Publication

Joint with Marco Avella Medina, José Luis Montiel Olea , and Cynthia Rush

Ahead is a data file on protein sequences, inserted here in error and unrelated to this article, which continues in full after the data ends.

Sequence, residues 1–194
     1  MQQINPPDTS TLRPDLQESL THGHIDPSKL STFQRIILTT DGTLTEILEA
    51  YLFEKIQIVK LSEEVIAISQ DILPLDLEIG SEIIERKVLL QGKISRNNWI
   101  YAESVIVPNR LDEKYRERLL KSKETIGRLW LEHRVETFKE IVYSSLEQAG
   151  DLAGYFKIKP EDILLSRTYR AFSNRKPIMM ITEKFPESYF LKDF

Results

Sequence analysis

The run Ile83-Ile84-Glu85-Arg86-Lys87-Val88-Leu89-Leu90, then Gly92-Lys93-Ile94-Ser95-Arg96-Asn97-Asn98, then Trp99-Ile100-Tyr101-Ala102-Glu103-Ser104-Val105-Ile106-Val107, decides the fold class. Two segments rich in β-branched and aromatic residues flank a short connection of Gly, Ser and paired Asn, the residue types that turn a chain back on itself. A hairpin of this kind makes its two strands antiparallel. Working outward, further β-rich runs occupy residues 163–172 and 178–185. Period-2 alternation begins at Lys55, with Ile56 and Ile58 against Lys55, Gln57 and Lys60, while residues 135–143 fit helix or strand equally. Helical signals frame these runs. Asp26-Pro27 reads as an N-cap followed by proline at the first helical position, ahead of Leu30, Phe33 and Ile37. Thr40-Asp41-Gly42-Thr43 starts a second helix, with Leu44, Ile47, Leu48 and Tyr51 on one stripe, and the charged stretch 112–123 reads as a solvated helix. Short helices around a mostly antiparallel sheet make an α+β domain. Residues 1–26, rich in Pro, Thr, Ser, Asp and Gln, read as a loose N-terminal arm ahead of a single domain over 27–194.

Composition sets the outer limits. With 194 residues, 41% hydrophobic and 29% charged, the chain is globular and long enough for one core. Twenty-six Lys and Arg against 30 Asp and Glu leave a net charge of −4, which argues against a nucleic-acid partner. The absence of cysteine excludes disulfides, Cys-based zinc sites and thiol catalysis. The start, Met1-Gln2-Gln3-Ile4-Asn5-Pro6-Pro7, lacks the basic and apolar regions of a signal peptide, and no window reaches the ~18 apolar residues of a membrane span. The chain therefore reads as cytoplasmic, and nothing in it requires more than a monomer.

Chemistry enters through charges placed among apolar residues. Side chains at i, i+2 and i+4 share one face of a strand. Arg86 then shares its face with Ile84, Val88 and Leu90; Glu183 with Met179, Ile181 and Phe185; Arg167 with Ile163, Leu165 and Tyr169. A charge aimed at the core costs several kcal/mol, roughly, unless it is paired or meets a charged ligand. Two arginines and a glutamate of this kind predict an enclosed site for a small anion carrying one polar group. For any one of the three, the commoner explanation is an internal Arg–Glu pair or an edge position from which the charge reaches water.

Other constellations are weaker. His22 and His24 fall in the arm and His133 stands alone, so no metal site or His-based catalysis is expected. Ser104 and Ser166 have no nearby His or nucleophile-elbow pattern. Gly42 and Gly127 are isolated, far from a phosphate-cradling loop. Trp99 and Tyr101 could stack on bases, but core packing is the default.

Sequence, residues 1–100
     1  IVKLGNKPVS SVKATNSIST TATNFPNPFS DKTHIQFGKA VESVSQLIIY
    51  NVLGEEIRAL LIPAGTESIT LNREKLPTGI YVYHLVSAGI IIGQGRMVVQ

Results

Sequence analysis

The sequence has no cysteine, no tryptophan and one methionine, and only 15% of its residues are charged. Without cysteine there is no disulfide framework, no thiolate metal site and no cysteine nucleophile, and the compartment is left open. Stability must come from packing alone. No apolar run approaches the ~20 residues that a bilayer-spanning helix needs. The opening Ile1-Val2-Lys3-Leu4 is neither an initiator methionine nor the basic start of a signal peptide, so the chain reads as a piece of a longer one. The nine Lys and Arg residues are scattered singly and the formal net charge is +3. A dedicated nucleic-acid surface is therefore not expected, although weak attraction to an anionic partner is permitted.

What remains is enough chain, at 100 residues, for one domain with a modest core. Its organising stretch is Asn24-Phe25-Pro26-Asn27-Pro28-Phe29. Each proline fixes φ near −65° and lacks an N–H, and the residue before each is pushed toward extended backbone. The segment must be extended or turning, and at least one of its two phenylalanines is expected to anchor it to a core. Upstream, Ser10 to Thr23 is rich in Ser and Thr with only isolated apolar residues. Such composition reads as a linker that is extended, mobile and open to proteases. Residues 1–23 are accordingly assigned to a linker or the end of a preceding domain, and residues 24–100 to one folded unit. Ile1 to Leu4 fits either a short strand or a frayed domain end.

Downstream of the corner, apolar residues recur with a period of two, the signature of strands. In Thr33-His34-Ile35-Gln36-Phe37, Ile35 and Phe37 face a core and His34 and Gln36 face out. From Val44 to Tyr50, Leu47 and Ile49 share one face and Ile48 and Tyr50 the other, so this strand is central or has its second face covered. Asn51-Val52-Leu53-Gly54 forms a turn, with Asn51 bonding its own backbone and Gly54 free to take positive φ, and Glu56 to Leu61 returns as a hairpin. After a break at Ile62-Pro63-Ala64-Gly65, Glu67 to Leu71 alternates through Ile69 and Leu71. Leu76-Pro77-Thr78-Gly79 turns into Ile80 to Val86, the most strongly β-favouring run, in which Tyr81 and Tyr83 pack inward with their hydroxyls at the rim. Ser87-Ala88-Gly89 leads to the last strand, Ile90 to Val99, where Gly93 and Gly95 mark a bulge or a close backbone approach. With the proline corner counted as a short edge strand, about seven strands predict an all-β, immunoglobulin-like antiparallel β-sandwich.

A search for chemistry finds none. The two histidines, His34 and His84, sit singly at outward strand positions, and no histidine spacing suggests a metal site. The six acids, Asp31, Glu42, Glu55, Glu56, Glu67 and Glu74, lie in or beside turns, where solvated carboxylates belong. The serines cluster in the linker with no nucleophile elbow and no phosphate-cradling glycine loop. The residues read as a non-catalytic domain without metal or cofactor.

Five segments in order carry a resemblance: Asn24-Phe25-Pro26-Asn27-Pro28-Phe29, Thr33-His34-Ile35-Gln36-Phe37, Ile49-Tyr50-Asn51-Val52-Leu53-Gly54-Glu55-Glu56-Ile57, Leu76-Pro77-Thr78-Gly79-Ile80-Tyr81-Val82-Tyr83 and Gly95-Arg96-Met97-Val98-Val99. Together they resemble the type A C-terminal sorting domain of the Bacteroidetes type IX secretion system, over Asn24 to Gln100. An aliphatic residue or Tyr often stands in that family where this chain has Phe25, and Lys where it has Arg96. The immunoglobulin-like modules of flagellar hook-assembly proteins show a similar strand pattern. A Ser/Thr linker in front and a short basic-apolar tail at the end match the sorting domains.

Abstract: $\alpha$-posteriors and their variational approximations distort standard posterior inference by downweighting the likelihood and introducing variational approximation errors. We show that such distortions, if tuned appropriately, reduce the Kullback-Leibler (KL) divergence from the true, but perhaps infeasible, posterior distribution when there is potential parametric model misspecification. To make this point, we derive a Bernstein-von Mises theorem showing convergence in total variation distance of $\alpha$-posteriors and their variational approximations to limiting Gaussian distributions. We use these limiting distributions to evaluate the KL divergence between true and reported posteriors. We show the KL divergence is minimized by choosing $\alpha$ strictly smaller than one, assuming there is a vanishingly small probability of model misspecification. The optimized value of $\alpha$ becomes smaller as the misspecification becomes more severe. The optimized KL divergence increases logarithmically in the magnitude of misspecification and not linearly as with the usual posterior. Moreover, the optimized variational approximations of $\alpha$-posteriors can induce additional robustness to model misspecification, beyond that obtained by optimally downweighting the likelihood.